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The journey, so far, through five kitchens and a couple dozen markets and to the simple realization that everything is different, yet the same, began in Hualtuco, a beachfront village on the Oaxacan coast of Mexico.
It was the first place in my travels that I had access to the basics: two tiny gas burners, a toaster oven and a small collection of cutlery and bowls, pots and pans.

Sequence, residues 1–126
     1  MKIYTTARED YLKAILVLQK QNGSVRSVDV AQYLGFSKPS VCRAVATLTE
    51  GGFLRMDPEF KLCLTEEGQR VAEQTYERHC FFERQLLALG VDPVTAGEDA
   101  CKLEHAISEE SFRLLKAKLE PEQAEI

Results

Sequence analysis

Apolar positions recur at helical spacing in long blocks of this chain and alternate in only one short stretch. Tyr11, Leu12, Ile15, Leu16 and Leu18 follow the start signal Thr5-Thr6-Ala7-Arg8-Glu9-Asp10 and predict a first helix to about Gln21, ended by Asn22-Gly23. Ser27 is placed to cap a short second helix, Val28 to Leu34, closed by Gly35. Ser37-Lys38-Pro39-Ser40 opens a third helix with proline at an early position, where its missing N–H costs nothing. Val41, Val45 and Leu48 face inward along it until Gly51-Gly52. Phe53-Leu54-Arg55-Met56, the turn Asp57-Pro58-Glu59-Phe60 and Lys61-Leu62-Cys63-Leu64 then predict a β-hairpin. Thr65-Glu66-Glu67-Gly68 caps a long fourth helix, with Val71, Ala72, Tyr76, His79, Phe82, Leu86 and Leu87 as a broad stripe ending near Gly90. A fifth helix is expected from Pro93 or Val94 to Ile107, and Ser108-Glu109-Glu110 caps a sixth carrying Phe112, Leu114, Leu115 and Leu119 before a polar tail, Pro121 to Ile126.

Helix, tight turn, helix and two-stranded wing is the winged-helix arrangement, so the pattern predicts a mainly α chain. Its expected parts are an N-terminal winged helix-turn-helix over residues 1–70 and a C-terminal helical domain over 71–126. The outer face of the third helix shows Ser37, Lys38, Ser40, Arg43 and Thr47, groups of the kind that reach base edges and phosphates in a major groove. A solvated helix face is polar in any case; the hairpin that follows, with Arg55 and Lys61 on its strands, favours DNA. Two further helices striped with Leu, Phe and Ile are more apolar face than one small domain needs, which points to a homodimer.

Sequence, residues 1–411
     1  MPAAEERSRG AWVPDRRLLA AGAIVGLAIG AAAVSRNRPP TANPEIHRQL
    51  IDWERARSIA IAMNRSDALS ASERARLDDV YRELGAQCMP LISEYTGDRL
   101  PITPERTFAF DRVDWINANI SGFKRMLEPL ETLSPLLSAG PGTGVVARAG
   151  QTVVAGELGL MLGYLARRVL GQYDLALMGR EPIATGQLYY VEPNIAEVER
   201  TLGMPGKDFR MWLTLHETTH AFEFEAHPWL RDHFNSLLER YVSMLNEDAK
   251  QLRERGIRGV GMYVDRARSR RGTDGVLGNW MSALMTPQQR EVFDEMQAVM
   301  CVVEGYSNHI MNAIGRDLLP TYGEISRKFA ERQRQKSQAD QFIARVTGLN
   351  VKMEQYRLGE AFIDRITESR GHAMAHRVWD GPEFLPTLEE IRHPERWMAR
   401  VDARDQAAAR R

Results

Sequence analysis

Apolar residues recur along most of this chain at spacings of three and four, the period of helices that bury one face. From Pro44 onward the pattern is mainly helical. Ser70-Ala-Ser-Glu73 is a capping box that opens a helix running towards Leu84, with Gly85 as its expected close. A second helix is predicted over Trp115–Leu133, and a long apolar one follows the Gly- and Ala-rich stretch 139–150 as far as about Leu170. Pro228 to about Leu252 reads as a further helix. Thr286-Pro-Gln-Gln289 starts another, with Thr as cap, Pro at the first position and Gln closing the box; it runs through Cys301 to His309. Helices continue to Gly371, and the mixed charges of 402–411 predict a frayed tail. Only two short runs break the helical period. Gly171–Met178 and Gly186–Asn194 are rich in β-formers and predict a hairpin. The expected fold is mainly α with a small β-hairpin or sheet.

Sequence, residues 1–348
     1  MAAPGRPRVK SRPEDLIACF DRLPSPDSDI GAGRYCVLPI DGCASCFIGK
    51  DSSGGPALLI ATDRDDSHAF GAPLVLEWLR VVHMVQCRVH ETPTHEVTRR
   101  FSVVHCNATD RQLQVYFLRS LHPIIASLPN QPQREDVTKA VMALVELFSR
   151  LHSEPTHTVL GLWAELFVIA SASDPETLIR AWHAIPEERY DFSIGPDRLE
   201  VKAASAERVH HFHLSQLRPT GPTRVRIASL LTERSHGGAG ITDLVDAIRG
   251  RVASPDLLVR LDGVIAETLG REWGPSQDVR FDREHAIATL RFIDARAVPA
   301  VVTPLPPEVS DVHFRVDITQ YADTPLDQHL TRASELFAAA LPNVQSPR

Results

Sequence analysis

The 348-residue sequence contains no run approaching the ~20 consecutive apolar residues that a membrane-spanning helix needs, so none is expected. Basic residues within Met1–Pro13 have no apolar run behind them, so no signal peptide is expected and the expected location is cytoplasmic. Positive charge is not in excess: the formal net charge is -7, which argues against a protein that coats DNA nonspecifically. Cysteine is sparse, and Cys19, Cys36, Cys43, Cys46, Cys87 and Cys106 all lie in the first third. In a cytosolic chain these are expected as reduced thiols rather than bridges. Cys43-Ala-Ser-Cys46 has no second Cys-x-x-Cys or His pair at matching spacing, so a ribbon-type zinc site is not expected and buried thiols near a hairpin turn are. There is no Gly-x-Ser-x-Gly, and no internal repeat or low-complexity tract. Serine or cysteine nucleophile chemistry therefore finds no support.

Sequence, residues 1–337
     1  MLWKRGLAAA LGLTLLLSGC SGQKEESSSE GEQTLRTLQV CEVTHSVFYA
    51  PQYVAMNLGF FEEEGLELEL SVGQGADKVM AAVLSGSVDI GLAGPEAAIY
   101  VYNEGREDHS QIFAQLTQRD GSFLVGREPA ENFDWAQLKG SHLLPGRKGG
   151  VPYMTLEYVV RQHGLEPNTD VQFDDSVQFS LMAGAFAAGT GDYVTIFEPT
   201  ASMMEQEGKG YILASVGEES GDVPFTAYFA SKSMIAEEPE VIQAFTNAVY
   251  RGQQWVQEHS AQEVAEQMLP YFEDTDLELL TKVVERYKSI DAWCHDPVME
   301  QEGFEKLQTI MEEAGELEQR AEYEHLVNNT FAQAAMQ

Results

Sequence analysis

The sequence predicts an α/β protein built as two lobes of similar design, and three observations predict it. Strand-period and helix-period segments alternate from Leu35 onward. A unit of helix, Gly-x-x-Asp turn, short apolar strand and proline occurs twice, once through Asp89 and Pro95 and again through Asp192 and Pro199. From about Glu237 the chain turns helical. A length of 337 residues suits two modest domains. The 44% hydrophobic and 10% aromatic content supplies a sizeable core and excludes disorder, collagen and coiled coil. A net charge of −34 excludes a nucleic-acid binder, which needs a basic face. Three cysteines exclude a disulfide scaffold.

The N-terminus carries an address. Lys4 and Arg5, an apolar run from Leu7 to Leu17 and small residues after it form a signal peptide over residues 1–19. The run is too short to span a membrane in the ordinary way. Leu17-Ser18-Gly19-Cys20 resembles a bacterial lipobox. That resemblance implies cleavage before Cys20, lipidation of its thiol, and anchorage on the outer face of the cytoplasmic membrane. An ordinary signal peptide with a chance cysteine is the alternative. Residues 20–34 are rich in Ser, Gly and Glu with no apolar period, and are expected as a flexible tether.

My host uncle, there, was a fisherman, and would bring home beautiful, pink huachinangos, or red snappers. Once he saw that I had a love for both fresh seafood and using my hands, he began showing me how to prepare them — cleaning and scaling the plump, shimmering bodies and then frying them in chunks, or grilling them whole on the two-foot-high asada, butterflying the ribs open and slathering them with chipotle sauce.